Bill Dunn
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Keynesian theory after Keynes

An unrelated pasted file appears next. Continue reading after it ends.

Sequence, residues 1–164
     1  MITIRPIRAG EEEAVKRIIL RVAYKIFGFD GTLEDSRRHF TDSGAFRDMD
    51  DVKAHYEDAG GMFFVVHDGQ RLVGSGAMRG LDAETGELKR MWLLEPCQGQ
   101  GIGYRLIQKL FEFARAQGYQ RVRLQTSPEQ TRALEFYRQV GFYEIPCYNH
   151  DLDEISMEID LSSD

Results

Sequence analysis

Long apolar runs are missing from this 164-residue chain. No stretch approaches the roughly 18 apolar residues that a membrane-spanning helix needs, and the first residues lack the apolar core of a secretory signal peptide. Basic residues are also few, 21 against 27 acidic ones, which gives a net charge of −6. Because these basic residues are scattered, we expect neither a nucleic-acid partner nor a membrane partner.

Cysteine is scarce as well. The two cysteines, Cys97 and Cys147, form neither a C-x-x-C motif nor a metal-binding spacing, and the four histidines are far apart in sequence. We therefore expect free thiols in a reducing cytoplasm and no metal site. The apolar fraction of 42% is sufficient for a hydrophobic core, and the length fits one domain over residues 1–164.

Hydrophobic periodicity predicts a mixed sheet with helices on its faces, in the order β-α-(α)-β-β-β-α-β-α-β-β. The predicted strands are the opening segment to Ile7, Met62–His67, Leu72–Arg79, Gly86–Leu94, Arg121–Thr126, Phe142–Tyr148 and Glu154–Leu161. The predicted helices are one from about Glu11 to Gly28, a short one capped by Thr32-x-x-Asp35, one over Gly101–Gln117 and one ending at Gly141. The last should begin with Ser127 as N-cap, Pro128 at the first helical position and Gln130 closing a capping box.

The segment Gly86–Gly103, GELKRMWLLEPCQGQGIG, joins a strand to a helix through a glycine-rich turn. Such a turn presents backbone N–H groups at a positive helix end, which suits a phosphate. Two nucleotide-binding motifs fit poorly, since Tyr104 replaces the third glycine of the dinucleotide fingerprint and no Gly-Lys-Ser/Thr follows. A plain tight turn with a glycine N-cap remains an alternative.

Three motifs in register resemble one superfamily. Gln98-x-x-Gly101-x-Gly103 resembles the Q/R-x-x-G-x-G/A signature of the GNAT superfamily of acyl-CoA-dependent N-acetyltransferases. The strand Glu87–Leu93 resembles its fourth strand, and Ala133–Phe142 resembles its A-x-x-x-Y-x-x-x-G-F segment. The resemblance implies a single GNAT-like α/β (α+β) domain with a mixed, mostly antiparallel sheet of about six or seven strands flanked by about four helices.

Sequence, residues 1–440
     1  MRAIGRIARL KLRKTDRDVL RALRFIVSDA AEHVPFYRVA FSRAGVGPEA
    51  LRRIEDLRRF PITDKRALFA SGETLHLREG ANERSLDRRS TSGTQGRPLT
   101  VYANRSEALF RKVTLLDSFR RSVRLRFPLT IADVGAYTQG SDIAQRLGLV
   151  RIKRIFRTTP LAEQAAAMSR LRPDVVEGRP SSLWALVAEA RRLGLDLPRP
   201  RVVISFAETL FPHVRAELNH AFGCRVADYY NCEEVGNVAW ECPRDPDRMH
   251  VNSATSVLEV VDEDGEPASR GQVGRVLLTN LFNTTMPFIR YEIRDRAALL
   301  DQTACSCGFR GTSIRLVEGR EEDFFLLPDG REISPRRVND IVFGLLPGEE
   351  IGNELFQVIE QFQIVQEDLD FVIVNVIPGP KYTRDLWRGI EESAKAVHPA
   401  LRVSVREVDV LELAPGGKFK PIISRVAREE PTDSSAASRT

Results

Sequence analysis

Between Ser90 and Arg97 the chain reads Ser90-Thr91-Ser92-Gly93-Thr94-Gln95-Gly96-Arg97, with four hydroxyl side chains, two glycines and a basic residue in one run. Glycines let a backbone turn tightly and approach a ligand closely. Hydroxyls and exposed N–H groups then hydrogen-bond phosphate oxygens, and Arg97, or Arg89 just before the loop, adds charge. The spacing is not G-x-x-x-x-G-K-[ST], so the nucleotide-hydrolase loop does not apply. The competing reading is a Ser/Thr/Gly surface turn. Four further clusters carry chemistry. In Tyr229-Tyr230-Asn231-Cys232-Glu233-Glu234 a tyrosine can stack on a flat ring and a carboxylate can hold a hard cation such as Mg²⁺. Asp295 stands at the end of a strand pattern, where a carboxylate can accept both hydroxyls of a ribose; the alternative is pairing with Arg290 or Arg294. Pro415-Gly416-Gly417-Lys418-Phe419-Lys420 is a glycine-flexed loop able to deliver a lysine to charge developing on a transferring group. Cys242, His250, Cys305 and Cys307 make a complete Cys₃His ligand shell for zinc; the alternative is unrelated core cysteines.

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Keynesian scholarship is enormous and diverse. Rather than feigning an overview of the literature, this chapter sketches three broad trajectories of Keynesian critique to make an argument that each remains limited by an ambiguous and unsatisfactory break with neo-classical economics. The chapter first considers neo-classical synthesis Keynesianism, associated with Samuelson’s textbook introduction to economics, the IS/LM (investment savings/liquidity money) models of Hicks and Hansen, and the Phillips Curve interpretation of inflation. Second, the chapter looks at market imperfections, considering alternative New Keynesian and post-Keynesian accounts, with briefer notes on money and financial instability. Despite declarations of mutual hostility, the relatively moderate New Keynesians and the putatively more radical post-Keynesians have much in common in their emphasis on imperfections, implying that neo-classical world of perfect competition remains central to their vision, even if as a focus of antagonism. There is often common ground too in hopes that states can reduce the imperfections or ameliorate their consequences. Third, the chapter considers an alternative strand of post-Keynesianism which puts more emphasis on time and uncertainty. Potentially profound insights tend to be reined in as they are marshalled for an in-house squabble with mainstream economists. Even as a more fundamental critique, the identification of radical uncertainty shows the follies of much of the existing economic formalism without providing the basis for an alternative political economy.

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